Supporting FAO Fishery department with a custom GeoServer DataStore for Oracle

GeoSolutions is collaborating with FAO Fishery department in order to improve the statistical GIS application “Atlas of Tuna and Billfish Catches”.

The interactive version of the Atlas of Tuna and Billfish Catches presents the global distribution of 1950 to 2003 catches, at 5° latitude by 5° longitude resolution, of those tuna and tuna-like species for which this distribution is generally well known on the global scale. These species consist of the so-called principal market tunas and some billfishes.

Its refactoring mainly consists into switching the actual architecture which produces static snapshots of the statistic requested by the users through a parameter selection form, into a fully dynamic GIS map client based upon the OpenLayers served by a GeoServer/GeoTools/GeoWebCache stack working on top of an Oracle database.

Here is a common use case to solve.
Consider a table which contains the yearly catches of several fish species around the world by using different kind of gears; the user may want to issue several kind of statistical requests like for instance the total sum of the yearly catches grouped by gears and species over a specific time-range. Moreover the user wants to be able to compute these statistics on a defined by a lon,lat grid so that in the end he can either map the squares for the grid with different colors depending on the catches’ statistics. In the normal approach we should create a new view which joins the catches table with the lon,lat grid table and performs the requested aggregate functions on the result.

The main issue when coping with such a complex use case was to allow GeoServer to work with an underlying complex databases structure, joining tables on the fly depending on some parameters selected by the users and being able to apply statistics function by aggregating resulting records for criteria like across years or quarters of the catches. One of our goals was to not generate views on the fly inside the database as well as not to create new layers inside GeoServer on the fly, because such an approach would have, on a side,consumed a lot of resources and on the other side, it would have required a sort of clean-up mechanism to remove old, unneeded views and GeoServer layers; in a word a nightmare.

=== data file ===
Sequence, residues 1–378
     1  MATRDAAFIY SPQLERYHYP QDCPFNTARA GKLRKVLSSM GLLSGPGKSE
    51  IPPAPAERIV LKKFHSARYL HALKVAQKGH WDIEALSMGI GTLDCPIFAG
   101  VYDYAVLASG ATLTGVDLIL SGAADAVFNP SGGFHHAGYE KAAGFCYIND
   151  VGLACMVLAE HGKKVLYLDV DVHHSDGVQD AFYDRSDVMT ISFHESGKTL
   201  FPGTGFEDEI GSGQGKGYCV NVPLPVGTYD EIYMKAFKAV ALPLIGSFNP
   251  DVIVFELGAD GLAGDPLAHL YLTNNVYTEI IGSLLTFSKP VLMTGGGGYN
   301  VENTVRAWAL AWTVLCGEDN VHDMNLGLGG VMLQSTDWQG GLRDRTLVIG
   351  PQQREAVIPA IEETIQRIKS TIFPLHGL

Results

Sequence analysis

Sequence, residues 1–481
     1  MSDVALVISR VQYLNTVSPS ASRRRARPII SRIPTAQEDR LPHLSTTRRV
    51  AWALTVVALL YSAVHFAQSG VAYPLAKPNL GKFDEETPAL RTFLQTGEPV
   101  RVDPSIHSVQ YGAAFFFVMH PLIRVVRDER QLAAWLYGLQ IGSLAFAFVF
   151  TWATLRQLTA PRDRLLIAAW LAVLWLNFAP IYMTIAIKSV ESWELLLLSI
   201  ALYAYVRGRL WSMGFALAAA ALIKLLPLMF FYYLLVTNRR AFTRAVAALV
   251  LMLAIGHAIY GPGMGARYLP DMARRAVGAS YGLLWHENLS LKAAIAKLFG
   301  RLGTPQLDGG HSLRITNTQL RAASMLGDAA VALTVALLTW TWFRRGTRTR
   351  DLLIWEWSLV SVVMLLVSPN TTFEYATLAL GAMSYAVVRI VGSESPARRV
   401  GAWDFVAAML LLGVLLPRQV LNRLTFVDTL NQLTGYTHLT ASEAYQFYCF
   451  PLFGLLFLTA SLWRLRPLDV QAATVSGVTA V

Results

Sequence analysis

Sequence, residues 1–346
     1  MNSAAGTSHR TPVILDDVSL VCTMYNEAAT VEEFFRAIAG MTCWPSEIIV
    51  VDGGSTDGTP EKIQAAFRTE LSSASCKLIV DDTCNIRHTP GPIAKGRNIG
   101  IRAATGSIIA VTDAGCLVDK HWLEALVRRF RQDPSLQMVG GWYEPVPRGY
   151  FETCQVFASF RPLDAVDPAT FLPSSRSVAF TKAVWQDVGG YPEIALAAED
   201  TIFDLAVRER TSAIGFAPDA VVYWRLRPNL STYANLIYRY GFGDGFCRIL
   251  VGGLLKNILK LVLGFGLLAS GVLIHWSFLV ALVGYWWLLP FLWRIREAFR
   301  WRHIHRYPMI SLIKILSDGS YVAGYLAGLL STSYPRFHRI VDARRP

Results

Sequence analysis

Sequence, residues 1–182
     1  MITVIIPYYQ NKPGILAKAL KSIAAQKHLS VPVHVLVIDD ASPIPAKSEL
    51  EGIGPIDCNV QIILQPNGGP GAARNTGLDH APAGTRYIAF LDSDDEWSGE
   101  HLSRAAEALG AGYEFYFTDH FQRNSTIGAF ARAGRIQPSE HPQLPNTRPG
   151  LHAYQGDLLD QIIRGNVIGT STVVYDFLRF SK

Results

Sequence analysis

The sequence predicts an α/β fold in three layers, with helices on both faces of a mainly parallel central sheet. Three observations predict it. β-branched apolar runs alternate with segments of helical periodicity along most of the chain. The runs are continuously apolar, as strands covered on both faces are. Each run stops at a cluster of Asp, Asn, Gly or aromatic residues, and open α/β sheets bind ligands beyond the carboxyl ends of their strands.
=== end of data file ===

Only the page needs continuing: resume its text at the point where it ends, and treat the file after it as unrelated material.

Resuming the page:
At the end of the analysis we have come out with an architecture proposal based upon a brand new GeoTools driver capable of producing Aggregate DataStore
s on the fly, by analyzing and rebuilding the SQL at run-time and also a CQL filter adapter for GeoServer able to understand Aggregate Filters to be forwarded to the Aggregate Driver.

The proposed architecture, as depicted in the drawing aside, consists of several components:

  • A Proxy which intercepts the client request and traduces the parameters selection into an appropriate Aggregate CQL filter
  • The Aggregate DataStore which dynamically changes the FeatureType structure on GeoServer
  • The Business logic which performs dynamic queries to the DB by merging statistical and GIS datasets.
This approach can be generalized to similar problems. The proposed architecture, in fact, aims to be the base for future GIS statistical mapping application of the Fishery department.
Actually we based the driver on the Oracle NG plugin, but with some more effort it could be extended to the JDBC one allowing it working with other Databases like for instance PostGis.
The results of the plugin are shown in the screenshots below: